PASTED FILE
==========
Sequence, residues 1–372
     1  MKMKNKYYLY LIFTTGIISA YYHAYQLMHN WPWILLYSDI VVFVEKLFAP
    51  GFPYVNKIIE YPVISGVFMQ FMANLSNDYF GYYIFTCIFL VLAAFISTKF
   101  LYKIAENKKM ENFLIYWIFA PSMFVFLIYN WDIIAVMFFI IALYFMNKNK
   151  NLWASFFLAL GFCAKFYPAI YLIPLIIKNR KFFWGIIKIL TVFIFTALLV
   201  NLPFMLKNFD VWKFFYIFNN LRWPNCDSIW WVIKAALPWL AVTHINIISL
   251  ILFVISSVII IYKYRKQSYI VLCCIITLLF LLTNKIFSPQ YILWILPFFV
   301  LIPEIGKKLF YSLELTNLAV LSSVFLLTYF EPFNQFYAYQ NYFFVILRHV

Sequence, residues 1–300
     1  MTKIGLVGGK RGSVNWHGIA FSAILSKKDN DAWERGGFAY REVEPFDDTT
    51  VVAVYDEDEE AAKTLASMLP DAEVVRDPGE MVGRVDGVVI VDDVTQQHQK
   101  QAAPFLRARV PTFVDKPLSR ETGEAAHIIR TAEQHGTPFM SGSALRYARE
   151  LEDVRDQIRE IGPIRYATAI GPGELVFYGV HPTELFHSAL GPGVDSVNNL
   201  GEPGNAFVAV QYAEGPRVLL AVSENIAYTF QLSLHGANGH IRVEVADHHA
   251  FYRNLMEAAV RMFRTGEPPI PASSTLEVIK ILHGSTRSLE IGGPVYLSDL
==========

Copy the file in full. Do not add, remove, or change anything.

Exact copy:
Sequence, residues 1–372
     1  MKMKNKYYLY LIFTTGIISA YYHAYQLMHN WPWILLYSDI VVFVEKLFAP
    51  GFPYVNKIIE YPVISGVFMQ FMANLSNDYF GYYIFTCIFL VLAAFISTKF
   101  LYKIAENKKM ENFLIYWIFA PSMFVFLIYN WDIIAVMFFI IALYFMNKNK
   151  NLWASFFLAL GFCAKFYPAI YLIPLIIKNR KFFWGIIKIL TVFIFTALLV
   201  NLPFMLKNFD VWKFFYIFNN LRWPNCDSIW WVIKAALPWL AVTHINIISL
   251  ILFVISSVII IYKYRKQSYI VLCCIITLLF LLTNKIFSPQ YILWILPFFV
   301  LIPEIGKKLF YSLELTNLAV LSSVFLLTYF EPFNQFYAYQ NYFFVILRHV

Sequence, residues 1–300
     1  MTKIGLVGGK RGSVNWHGIA FSAILSKKDN DAWERGGFAY REVEPFDDTT
    51  VVAVYDEDEE AAKTLASMLP DAEVVRDPGE MVGRVDGVVI VDDVTQQHQK
   101  QAAPFLRARV PTFVDKPLSR ETGEAAHIIR TAEQHGTPFM SGSALRYARE
   151  LEDVRDQIRE IGPIRYATAI GPGELVFYGV HPTELFHSAL GPGVDSVNNL
   201  GEPGNAFVAV QYAEGPRVLL AVSENIAYTF QLSLHGANGH IRVEVADHHA
   251  FYRNLMEAAV RMFRTGEPPI PASSTLEVIK ILHGSTRSLE IGGPVYLSDL